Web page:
Online Ruled The Tech Retail Roost On Black Friday

TWICE parent Future plc saw 52% spike in e-commerce activity
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The results are in, and online can arguably be crowned the new king of consumer tech shopping for Black Friday weekend.

“For the first time, more U.S. shoppers bought technology online than in stores,” reported Ben Arnold, senior director of innovation and trends for the Consumer Technology Association (CTA). According to the trade group’s latest consumer survey, covering the five days from Thanksgiving through Cyber Monday, 59 percent of shoppers made tech purchases online, compared with 58 percent that bought their holiday tech in brick-and-mortar stores.

While online’s lead was slim, “The importance is that it will continue to grow,” Arnold told TWICE.

Related: Thanksgiving Week Still Top For Tech

Arnold’s assertion was underscored by the robust holiday weekend turnout for TWICE parent Future plc, who’s online properties include such tech enthusiast sites as Tom’s Guide and TechRadar. The websites, which provide product news, reviews, best-deal assessments and buy-button links, saw a collective 52 percent year-over-year increase in e-commerce-related actions on Black Friday.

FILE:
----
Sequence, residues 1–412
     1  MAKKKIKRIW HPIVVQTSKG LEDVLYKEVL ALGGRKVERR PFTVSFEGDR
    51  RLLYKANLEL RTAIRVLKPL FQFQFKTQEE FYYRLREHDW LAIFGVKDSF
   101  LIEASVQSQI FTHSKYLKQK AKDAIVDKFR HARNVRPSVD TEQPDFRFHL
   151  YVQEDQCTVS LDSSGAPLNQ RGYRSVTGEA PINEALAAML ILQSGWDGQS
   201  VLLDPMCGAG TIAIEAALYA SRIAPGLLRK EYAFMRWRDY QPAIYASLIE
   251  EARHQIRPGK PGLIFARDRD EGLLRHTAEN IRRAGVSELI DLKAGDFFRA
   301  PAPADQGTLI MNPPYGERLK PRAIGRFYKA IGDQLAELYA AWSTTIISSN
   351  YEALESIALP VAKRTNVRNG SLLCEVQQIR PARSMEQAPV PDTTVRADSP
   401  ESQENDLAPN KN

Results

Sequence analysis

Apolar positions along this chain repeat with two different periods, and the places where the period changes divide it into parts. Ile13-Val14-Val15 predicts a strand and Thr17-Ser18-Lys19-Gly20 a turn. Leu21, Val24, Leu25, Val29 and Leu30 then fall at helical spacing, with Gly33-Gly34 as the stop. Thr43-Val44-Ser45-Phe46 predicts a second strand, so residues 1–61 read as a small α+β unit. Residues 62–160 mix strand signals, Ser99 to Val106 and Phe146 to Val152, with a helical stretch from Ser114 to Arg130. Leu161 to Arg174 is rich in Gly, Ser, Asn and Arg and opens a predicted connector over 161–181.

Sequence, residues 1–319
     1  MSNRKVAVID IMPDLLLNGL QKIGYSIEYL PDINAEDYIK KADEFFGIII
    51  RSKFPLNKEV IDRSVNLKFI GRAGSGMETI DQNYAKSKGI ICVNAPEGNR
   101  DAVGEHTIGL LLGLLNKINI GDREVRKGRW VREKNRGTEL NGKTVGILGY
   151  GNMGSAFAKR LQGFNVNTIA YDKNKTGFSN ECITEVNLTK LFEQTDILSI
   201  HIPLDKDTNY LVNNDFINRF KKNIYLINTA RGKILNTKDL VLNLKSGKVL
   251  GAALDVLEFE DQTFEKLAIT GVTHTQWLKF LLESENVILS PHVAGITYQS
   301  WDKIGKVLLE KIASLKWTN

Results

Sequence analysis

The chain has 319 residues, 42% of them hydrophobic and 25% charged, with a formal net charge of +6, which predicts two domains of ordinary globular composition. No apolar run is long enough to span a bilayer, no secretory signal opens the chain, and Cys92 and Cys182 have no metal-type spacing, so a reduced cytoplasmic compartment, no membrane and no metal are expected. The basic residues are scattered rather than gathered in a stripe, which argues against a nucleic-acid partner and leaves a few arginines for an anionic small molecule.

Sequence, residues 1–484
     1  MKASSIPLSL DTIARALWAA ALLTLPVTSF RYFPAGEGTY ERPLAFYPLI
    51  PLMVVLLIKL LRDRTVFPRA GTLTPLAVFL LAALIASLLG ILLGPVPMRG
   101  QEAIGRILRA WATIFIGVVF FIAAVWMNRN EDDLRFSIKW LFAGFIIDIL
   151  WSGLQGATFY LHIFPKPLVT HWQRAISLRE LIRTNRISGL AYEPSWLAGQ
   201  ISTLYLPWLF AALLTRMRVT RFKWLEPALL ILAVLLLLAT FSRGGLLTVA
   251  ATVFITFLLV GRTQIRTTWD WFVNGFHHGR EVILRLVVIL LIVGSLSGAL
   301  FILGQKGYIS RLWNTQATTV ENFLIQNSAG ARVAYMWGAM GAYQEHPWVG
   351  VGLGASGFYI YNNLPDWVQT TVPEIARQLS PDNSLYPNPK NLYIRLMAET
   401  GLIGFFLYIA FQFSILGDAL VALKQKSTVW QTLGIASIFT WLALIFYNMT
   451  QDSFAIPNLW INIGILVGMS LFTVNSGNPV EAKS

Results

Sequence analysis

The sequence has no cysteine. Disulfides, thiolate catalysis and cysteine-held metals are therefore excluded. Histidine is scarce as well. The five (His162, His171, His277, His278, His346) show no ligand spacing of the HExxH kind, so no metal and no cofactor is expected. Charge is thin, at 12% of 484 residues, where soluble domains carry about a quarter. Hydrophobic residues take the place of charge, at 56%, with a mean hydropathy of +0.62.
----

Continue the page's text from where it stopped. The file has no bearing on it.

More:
Specifically, e-commerce-related clicks were up 134 percent for Tom’s Guide, which enjoyed a 16 percent increase in traffic, while TechRadar recorded a 42 percent increase in click-throughs on Black Friday and a 69 percent spurt on Saturday (Nov. 24).

See: The End Of Black Friday As We Know It?

CTA’s Arnold said compelling promotions on 4K TVs — “the biggest star of the holiday” — helped drive the Thanksgiving weekend gains, while Adobe Analytics pointed to the popularity of buy-online-pick-up-in-store options (BOPIS) and the ease of shopping by phone. BOPIS purchases were up 65 percent year over year on Cyber Monday, Adobe’s research wing reported, suggesting that “retailer investments to bridge offline and online experiences are paying dividends.”

Meanwhile, Cyber Monday also represented the first time that more than half of online visits (54.3 percent) came from mobile devices, with smartphone-originated sales rising a record 55.6 percent, to $2.2 billion, Adobe said.

“Converting mobile traffic to sales has long been a thorn in the side of retailers, but investments in making the experience faster and easier have paid off,” observed Taylor Schreiner, director of Adobe Digital Insights.

See: Mobile Commerce: One Size Doesn’t Fit All

Similarly, the record rise in BOPIS orders signaled that “retailers are increasingly fulfilling consumer expectations for integrated cross-channel experiences,” she said.

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